- Download PDF
1 Answer | Add Yours
The Peace of Westphalia brought an end to the Thirty Years' War (1618–48) and established Protestantism as an official religion. Protestantism was a movement against the practices of the Roman Catholic Church, a Christian religion based in Rome, Italy, and headed by a pope. Prior to that time, Catholicism was the only religion in Europe. The Thirty Years' War was a series of conflicts, rather than one long campaign. It grew out of hostilities between Catholics and Protestants, but eventually involved political issues. The war had four stages, which involved many European powers: the Bohemian, the Danish, the Swedish, and the Swedish-French. The European countries eventually sought a solution to the various conflicts at a peace conference in Westphalia, Germany. The negotiations lasted four years while the fighting continued until 1648, when the Peace of Westphalia was finally signed. Under the treaty, France and Sweden received some German lands. The agreement contained important allowances for Protestantism: Lutheranism, the first Protestant faith, which was founded by the German religious reformer Martin Luther (1483–1546), was given the same status as Catholicism. Calvinism, the religious movement begun by French reformer John Calvin (1509–1564), also was given official recognition. The treaty ended the religious warfare in Europe and provided for some measure of religious tolerance.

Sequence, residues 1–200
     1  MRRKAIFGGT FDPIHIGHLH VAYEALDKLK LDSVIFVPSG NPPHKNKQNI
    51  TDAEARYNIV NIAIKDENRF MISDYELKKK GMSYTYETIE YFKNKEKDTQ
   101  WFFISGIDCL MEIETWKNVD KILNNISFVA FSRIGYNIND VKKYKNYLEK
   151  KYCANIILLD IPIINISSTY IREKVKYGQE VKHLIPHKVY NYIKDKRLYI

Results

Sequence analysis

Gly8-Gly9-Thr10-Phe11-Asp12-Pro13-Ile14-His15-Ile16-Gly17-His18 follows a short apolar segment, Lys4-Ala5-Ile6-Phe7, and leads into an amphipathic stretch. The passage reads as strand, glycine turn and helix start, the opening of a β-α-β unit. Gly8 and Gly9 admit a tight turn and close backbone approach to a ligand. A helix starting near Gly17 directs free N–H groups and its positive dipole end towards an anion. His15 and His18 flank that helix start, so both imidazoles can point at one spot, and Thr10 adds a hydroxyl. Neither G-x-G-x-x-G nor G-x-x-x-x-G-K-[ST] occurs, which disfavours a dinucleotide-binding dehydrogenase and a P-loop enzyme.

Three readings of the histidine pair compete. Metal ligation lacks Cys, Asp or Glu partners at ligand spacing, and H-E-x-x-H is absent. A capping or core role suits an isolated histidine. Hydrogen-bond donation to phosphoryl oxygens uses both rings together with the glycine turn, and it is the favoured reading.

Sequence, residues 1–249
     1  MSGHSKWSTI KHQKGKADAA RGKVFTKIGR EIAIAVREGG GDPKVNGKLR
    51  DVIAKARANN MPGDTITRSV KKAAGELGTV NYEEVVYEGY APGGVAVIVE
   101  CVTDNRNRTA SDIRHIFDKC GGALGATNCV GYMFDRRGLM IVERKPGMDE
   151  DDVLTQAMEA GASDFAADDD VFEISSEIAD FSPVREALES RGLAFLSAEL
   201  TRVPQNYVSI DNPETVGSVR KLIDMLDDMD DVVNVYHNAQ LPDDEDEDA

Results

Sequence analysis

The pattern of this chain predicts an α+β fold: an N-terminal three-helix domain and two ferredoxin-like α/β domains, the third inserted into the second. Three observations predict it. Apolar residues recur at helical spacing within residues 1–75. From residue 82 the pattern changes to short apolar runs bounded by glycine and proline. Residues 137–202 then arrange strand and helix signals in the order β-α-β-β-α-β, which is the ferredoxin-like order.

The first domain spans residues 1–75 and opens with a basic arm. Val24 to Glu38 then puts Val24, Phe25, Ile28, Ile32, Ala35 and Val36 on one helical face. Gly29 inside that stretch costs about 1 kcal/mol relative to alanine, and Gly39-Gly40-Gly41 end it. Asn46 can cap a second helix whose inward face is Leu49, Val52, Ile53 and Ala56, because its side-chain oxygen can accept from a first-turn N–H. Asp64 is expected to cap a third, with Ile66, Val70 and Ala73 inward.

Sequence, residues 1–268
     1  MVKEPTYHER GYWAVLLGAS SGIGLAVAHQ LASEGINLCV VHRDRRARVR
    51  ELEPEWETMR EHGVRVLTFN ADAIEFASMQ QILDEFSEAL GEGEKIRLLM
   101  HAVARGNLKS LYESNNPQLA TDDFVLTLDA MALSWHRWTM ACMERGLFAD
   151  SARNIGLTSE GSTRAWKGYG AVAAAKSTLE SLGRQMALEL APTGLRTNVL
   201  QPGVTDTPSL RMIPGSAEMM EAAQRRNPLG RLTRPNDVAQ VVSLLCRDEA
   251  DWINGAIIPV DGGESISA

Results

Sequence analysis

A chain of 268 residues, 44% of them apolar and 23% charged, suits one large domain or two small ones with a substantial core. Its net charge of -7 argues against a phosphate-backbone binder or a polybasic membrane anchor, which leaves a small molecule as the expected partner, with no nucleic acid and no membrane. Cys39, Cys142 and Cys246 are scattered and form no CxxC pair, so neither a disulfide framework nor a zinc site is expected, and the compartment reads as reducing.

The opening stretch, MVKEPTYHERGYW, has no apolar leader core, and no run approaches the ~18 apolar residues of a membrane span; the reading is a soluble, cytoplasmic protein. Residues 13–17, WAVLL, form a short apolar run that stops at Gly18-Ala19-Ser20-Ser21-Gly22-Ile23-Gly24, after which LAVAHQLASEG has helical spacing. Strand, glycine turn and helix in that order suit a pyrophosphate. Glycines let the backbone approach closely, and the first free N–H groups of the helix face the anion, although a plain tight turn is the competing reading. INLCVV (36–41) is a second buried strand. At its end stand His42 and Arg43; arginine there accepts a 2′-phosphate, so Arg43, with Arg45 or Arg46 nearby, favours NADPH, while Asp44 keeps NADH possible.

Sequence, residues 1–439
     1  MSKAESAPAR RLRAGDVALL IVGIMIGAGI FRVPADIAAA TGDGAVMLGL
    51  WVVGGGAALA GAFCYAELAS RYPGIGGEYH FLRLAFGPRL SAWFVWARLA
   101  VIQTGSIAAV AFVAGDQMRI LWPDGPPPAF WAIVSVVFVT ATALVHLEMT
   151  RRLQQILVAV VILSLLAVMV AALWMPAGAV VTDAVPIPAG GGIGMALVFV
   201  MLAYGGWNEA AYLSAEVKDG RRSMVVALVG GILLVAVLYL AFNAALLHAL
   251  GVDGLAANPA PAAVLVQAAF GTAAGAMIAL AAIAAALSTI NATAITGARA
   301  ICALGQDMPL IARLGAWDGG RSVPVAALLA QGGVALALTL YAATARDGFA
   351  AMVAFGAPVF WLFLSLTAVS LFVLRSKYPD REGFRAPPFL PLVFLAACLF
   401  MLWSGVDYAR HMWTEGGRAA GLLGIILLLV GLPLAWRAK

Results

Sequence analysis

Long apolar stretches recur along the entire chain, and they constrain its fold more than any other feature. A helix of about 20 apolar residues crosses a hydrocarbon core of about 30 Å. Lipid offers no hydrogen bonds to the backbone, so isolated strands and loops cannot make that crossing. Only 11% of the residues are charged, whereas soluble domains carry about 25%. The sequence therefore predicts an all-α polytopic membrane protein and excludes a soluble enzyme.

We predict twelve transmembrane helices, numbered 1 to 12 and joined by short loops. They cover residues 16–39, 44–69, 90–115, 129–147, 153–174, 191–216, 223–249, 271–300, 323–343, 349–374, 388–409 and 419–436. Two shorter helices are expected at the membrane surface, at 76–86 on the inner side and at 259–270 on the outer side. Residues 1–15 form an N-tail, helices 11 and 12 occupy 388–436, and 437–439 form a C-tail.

The pact recognized the sovereignty (freedom from outside control) of all the states that were part of Holy Roman Empire. The empire was a loose federation (alliance) of German and Italian states that was originally formed when Charlemagne (Charles the Great; 742–814) was crowned emperor of the Romans by Pope Leo III (c. 750–816) in A.D.800. The treaty therefore dissolved the empire. Historians now view the Peace of Westphalia as the beginning of Europe's modern state system.
Further Information: Coxton, Derek. Peacemaking in Early Modern Europe: Cardinal Mazarin and the Congress of Westphalia, 1643–1648. Cranbury, N.J.: Susquehanna University Press, 1999; Parker, Geoffrey. The Thirty Years' War. London, UK: Routledge, 1997; "The Peace of Westphalia." MSN Encarta. [Online] Available http://encarta.msn.com/index/conciseindex/64/064FA000.htm, October 25, 2000.
We’ve answered 324,570 questions. We can answer yours, too.Ask a question